“It’s always a misperception when not too many people die because then we think it’s not really serious when it is in fact,” he said. “The way I describe it is that Rolly destroyed one third of the island of Luzon.”
"WE ARE TIRED OF BEING TOLD WE ARE RESILIENT"
Despite high prevailing levels of poverty across much of the Philippines, the regularity of damaging weather has seen its people gain a reputation for their ability to bounce back. While admirable, La Viña of the Manila Observatory says it has led to apathy among policymakers and authorities.
“We are tired of being told we are resilient. You have to change the situation that allows this to happen,” he said. “Resilience is a good thing if it’s not an excuse for not doing the right things before the storms hit: when resilience is misused to justify negligence.
“You have to fix the systems in place so that people do not have to start all over again every time there’s a storm. People are tired of being told this okay.”
Awareness is growing among the wider community about the havoc climate change is already wreaking. Regular storms on the horizon that were once simply part of life in this part of the world are now a reason to fear.
READ: Dislocation and dysfunction hang over lives of Tacloban evacuees, five years after Typhoon Haiyan
“Most people are aware of the 'new normal' especially after Haiyan. Policy makers and ordinary people finally woke up to the perils of climate change,” said Dr Rodel Lasco, executive director of The Oscar M Lopez Center for Climate Change Adaptation and Disaster Risk Management Foundation.
“Moving forward, more intense typhoons will expose more of our vulnerabilities,” he said.
PAGASA is playing a leading role in awareness and education campaigns, particularly among young people. But “experience is the best teacher”, according to Cayanan.
“It’s very difficult to educate the public. Their memory of extreme events is only for a short period of time. But we are doing our best,” she said. “If you experience extreme events in your life, you will remember and you should pass that experience to the next generation.”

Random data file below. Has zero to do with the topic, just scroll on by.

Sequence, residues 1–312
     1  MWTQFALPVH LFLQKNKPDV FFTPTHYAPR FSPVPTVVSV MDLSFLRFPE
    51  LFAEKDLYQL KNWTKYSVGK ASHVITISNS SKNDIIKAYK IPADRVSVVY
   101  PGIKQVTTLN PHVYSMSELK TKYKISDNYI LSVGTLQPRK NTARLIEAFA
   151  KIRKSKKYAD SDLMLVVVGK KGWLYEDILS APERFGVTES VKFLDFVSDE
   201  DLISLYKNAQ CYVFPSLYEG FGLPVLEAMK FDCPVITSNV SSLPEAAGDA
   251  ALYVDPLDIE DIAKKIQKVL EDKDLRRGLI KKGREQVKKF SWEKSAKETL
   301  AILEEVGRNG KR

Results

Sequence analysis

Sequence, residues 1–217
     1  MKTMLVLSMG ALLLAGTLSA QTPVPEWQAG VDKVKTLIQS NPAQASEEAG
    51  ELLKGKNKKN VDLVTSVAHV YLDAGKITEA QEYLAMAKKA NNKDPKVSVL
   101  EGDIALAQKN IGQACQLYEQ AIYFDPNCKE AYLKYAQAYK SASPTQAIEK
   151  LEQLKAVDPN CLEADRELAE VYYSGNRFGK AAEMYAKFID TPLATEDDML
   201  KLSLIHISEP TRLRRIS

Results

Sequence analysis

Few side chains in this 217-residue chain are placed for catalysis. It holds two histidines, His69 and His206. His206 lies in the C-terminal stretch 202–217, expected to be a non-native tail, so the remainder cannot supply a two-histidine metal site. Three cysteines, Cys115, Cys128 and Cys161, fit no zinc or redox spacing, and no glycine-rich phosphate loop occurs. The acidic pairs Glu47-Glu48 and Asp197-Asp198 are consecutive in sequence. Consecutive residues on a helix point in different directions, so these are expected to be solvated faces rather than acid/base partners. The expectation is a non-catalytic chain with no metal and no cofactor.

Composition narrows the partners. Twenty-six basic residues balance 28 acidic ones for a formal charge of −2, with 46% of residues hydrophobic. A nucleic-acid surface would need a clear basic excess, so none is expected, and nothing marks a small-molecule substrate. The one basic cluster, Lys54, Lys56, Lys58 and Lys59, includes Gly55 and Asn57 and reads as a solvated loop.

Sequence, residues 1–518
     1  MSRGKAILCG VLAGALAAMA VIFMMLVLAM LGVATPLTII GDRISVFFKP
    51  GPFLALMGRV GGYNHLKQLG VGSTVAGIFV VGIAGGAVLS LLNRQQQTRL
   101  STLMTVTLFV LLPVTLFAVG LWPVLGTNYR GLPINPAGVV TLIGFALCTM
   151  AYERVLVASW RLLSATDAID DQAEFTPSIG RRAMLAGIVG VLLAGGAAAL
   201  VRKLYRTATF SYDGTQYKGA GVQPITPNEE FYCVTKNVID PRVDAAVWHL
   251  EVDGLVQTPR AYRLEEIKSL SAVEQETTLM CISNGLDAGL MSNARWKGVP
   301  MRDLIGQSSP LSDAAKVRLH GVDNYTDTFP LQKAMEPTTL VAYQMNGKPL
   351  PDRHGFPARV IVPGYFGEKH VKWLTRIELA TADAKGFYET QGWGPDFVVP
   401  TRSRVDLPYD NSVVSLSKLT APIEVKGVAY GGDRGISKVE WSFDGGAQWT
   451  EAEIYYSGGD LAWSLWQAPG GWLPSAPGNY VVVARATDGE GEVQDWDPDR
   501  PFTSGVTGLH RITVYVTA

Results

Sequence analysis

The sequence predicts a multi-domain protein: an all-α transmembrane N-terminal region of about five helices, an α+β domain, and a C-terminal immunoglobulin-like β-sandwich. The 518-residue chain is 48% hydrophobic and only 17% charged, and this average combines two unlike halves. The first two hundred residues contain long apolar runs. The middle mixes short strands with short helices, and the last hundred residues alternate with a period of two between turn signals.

CHANGES TO CLIMATE ACTION POLICIES
While typhoon mitigation is a work in progress, the Philippines has taken recent steps to be more proactive in a global problem. The country’s climate action policies do not currently align with goals of the Paris Agreement, mainly due to the growth of the coal industry, but changes are afoot.
The Department of Energy last month declared a moratorium on all new planned coal projects, with the aim of modernising the country’s power generation on the back of cleaner and cheaper renewables.
Energy security has been a problem with frequent network-wide outages in recent years, an issue that experts believe renewables can help solve, while also reducing national emissions.
Still, it remains a country highly exposed to climate change, without contributing significantly to the global problem.
“Thus this becomes a discussion of ‘climate justice’,” said Holden of the University of Calgary. Like many developing countries, working out ways to get compensated for climate damage caused by higher polluting nations is an important agenda.
“We have to document all of this loss and damage. Then we can build better,” La Viña said, while at the same time rejecting the notion that “relatively low emissions” can be an excuse for domestic inaction.
“The Philippines itself has to do its part because we cannot contribute to our own destruction,” he said.
“We are not reducing our emissions considerably and there’s a lot of space to do that in energy, forestry and agriculture without any real burden on us. In fact it could make our economy stronger. It’s just that there’s inaction at that level.
“Inside the Philippines we need to get the science better and eliminate the risks in some places by moving people early and changing our land use patterns," he said, adding that land reclamation actually makes the country more vulnerable.
Many of the natural defences that the country had against disasters have been wiped out by human activity. Mangrove forests have been cleared and large-scale mining allowed to destabilise the earth and poison coral reefs.
Reversing those trends and fast will be key for the Philippines if it wants to withstand the coming storm.